THE INVISIBLE LIGHT IN ARCHITECTURE
A SHORT ESSAY BY MESURA
Light gives shape to our world of matter. When there is no light there is only darkness, a void, a world without shape. Unlike common belief, architecture has never been about the design of a specific volume in a certain place. It has always dealt with the design of space as a whole, a universal yet abstract concept to grasp.
It’s easy to define space formally. It’s obvious to describe the physical characters we are used to name: form, colour, shape, light. But this vocabulary only distinguishes the tools we use to express what we see, not the experience they provoke. What lies underneath is a universal syntax, invisible to the eye until we are made aware of its mechanisms.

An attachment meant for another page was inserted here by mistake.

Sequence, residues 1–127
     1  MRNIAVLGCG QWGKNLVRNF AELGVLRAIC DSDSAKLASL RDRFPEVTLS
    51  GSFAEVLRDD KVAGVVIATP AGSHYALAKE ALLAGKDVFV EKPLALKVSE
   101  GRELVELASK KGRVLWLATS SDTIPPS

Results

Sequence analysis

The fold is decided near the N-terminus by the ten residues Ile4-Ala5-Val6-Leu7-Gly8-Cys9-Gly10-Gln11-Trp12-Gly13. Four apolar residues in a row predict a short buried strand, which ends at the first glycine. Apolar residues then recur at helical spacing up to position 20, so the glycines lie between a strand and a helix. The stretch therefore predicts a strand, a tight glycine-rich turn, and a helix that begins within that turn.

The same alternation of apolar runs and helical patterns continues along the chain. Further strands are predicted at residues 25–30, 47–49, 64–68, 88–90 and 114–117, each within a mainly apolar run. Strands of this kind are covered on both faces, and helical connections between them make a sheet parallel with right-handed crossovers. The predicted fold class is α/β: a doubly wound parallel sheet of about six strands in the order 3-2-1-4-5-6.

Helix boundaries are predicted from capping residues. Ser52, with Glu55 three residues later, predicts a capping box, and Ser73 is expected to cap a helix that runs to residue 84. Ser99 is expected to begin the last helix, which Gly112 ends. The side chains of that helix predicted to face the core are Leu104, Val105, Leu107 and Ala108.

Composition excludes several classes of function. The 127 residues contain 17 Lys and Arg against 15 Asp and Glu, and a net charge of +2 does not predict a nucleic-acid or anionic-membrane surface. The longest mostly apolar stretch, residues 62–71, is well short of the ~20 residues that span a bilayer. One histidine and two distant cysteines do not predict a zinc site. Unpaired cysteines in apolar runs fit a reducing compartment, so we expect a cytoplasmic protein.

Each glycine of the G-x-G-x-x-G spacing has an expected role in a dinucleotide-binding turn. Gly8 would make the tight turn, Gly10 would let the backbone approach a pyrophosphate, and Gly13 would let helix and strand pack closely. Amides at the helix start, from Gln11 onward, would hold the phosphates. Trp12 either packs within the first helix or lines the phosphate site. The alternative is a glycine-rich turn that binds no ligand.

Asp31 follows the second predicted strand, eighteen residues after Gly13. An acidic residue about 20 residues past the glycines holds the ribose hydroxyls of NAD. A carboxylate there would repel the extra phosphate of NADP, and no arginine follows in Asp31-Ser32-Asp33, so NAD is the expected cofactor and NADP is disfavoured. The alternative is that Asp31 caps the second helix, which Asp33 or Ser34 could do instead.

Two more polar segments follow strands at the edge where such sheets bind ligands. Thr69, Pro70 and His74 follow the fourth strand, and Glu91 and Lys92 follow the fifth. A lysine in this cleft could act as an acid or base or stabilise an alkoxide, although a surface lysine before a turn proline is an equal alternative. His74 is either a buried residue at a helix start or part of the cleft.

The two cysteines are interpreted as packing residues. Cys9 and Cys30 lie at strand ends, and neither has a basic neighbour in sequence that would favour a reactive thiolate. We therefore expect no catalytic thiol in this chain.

To be aware of the spatial code of architecture means understanding its full potential. It means understanding architecture as something that is dynamic and transformative. Its product, the building, is not a work of art, nor a technical or an investment object. A building is a social product (Lefebvre, 1998). It’s the setting we live in, an active background that organizes our lives, activities and relationships (Lawson, 2005). A space means little to us if there is no life in it.
Looking at light from the inside, we find not a carefully positioned beam of light, nor a certain selection of atmospheric lamps. We see something much more primitive and eternal. An element inherently natural to us. Looking at light from the inside, we see light defining our perception of space, giving it volume, distance, proportion and orientation. Light defines how we feel inside a space, if it’s private or public, calm or energetic. Light enables us visibly to see, and when we look at it with closer attention, we understand the full possibility of what it can do.